The United Kingdom has found a new saint. Someone who is recognized as having lived in such a way that we want to be like her, someone whose words and deeds are full of a practical holiness. A woman who was martyred for her beliefs, a woman who is being quoted by many, whose life is being celebrated on her particular saint’s day, a woman who did not seem to profess a faith in God but who believed deeply in humanity.
Jo Cox had a vision for a just, connected, welcoming and loving society. She campaigned tirelessly for the oppressed and stood in solidarity with those suffering from injustice. Her life, her beliefs, her unstoppable spirit are an inspiration to many of us – and perhaps to those of us who believe in God – they speak to us of God’s love, God’s kingdom and God’s call to service.
The nation does not need to wait for the Church to tell us that Jo was a saint and declare the 17th of June to be her day. It has happened already. The One Love concert in Manchester did not need a priest or an evangelist to talk about God in a meaningful and accessible way. In fact, last week I found myself using the words of Justin Bieber to talk about God in church in a way that might make sense to those who are not used to sermons, preaching and long services. I hope his words continue to make sense as the tragedy of Grenfell Tower unfolds.
This is what he said:
“I’m not going to let go of hope. I’m not going to let go of love. I’m not going to let go of God. Put your hand up if you’re not going to let go. God is good in the midst of the darkness. God is good in the midst of the evil. God is in the midst, no matter what’s happening in the world, God is in the midst and he loves you and he’s here for you.”
Inside and outside the church, inside and outside of what is called religious faith, God is revealing God’s love by raising up people who can talk about love, people who stand up for justice, people who truly love their neighbour as themselves.
People who live as if there is a God of love, as if their own needs are not paramount, as if death is not the end of life are incredibly inspiring. We can all probably name a few people like that. I hear quite a few people who do not profess to believe in God asking why are there not more people like that in our Churches – it is a good question. These people embody God’s love and help other’s believe.
The Catholic church apparently has 810 people it recognizes as saints and one of the things I like about the Anglican cycle of daily prayer is reading about the saints and martyrs celebrated on a calendar each year. Today (June 18th) the church remembers Bernard Mizeki and you can read a wonderful blog about martyrdom here.
But perhaps some of those people are worth more attention than a couple of paragraphs, once a year.
Yesterday my daughter asked me about St Francis and his relationships with animals as she crammed for A’ level RE. I told her that he preached to birds and then we explored a bit more deeply. St Francis is one of my favourite saints. I think he and Jo Cox would have found a lot in common and in his interaction with a wolf, I found a wonderful model for reconciliation.
In short – there was a wolf that was killing people and terrorising the town. The people did not have capacity to kill the wolf and they asked St Francis to help. He went to the forest, found the wolf and listened to it’s story. (The wolf was injured and couldn’t catch its normal prey so had resorted to humans). St Francis explained the pain and damage the wolf was inflicting on the town and the wolf became remorseful. After a time of prayer, St Francis proposed to the wolf that it should stop killing people, if they agreed to feed it and the wolf agreed. They return to the town together, the people hear the wolf’s story, agree (after a struggle) to forgive it, keep it fed and it lives with dignity in the town. I have missed much in this retelling – a wonderful, longer version can be found here.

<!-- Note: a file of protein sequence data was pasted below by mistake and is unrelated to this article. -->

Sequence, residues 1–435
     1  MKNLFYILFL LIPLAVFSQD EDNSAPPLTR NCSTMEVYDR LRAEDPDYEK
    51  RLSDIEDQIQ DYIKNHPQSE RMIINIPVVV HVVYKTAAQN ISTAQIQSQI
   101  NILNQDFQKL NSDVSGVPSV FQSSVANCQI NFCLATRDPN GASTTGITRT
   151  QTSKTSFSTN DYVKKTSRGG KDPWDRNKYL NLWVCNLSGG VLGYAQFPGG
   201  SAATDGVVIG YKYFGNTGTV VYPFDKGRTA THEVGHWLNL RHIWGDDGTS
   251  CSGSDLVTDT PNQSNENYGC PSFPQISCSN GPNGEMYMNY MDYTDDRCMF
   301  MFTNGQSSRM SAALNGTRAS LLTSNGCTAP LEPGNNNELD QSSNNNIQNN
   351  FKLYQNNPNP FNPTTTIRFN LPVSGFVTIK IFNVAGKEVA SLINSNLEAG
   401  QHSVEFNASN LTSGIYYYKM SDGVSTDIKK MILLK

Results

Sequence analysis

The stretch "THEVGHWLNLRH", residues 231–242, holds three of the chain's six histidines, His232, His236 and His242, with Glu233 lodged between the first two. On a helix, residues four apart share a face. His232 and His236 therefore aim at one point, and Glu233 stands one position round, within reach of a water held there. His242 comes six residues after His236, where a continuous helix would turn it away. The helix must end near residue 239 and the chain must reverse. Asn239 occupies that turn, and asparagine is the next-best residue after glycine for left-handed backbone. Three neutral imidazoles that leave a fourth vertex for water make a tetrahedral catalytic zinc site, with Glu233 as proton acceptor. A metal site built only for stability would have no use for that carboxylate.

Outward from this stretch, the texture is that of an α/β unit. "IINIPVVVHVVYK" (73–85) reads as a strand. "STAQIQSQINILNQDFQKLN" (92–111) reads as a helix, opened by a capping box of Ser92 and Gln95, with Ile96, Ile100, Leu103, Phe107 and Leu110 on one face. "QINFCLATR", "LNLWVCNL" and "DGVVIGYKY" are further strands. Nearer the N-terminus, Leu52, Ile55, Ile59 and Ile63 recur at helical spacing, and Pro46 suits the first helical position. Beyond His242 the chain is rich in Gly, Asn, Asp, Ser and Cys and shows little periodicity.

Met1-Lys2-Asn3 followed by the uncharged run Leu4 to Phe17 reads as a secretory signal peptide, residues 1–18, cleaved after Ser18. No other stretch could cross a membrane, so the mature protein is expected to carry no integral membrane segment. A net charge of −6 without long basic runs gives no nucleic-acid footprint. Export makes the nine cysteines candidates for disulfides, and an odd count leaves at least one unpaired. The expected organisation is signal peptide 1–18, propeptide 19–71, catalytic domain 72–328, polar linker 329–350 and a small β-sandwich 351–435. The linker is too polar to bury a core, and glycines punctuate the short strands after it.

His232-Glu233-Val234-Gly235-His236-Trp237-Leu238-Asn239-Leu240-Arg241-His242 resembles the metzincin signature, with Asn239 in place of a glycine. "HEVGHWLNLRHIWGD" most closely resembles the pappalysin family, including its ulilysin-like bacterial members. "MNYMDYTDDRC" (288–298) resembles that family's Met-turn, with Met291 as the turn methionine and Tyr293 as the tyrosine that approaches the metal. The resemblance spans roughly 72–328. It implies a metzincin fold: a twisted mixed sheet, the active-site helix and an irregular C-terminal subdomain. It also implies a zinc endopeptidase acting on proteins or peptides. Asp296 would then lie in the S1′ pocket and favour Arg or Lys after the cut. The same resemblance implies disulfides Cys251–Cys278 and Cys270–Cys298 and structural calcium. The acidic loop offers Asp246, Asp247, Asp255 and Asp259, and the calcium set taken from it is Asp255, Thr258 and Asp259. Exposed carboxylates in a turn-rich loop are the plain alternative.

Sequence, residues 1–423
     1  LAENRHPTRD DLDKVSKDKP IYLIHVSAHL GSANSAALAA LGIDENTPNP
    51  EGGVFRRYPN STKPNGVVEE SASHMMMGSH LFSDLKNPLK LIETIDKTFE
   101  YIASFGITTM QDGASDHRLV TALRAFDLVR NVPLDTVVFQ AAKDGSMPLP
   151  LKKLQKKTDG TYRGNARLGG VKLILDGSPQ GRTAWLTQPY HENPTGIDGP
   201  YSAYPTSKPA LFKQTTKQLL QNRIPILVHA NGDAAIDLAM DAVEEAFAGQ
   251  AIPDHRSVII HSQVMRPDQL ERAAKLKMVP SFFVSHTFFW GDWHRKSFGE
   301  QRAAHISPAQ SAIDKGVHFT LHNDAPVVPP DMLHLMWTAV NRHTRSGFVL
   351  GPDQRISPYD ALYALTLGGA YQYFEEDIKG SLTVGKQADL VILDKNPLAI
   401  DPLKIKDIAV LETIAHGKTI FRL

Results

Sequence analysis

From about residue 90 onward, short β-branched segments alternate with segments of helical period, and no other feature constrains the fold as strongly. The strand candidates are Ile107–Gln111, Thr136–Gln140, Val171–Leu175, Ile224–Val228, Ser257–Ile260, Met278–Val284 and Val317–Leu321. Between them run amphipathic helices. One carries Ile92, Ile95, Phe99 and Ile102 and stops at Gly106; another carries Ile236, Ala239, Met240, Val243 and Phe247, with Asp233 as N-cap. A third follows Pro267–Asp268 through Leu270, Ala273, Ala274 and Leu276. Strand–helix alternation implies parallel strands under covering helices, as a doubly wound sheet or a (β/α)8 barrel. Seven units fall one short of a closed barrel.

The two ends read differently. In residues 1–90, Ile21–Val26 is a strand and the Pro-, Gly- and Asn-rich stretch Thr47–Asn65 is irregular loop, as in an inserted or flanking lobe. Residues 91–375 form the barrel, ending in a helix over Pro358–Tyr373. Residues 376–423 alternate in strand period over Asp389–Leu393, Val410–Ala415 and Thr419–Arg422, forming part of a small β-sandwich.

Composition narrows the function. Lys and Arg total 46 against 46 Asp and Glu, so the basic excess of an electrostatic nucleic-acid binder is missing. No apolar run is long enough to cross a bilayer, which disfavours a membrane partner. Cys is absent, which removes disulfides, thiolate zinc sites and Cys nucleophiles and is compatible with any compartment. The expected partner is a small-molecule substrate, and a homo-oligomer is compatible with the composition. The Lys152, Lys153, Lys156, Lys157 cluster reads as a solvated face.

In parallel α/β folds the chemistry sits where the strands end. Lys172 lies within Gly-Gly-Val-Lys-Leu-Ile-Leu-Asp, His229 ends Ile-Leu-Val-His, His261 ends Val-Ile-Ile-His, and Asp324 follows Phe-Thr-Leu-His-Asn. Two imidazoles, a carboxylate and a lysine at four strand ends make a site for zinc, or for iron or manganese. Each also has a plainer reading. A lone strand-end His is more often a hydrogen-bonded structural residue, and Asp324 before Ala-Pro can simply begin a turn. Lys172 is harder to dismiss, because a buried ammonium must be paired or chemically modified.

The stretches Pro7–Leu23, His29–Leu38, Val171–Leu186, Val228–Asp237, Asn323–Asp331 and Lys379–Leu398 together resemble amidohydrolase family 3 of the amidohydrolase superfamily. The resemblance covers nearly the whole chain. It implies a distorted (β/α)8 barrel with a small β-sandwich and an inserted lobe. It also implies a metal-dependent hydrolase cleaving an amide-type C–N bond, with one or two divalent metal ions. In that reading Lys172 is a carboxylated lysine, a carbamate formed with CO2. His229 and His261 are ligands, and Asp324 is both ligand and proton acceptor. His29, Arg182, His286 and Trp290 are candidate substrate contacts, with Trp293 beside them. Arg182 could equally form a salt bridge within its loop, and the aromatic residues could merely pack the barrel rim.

The Church believes in this kind of reconciliation – as do many other people. The world needs this sort of reconciliation. All sorts of people are being branded wolves, they never have the chance to explain that they are injured, fearful, confused, in need. Conflict is a part of every aspect of life – we need to make reconciliation as common-place.
On Tuesday I heard this quote from Archbishop Justin Welby:
“If the Church is not a place both of conflict and of reconciliation it is not merely hindering its mission and evangelism, appalling as such hindrance is, but it is a failing or failed church. It has ceased to be the miracle of diversity in unity, of the grace of God breaking down walls.
We must be reconciled reconcilers. When that happens we are unbelievably attractive, distinctively prophetic, not because we all agreed but because we disagree with passion in love.”
Reconciliation takes the courage to step into someone else’s shoes and see the world from their eyes. It takes the humility to realise that the whole truth is not contained in one point of view. It takes the commitment to advocate for the other and to risk a potentially hostile response. It takes the love to risk losing your life that others might gain their life.
Jo lived with buckets of empathy and passion. She was killed. Martin Luther King lived with vision and commitment. He was killed. Jesus gave up his life for others. He was killed.
These people remind us of the cost but their legacies remind us of the gain. Can we take the risk to become reconciled reconcilers? Can we be people who can really bring people together and help them see what they have in common. Moving beyond shared lunches, picnics and iftaars will we reach out to those people right on the margins, to hear the stories of those people who are being excluded and to advocate for them, to be changed by them and to risk our comfort for the sake of others?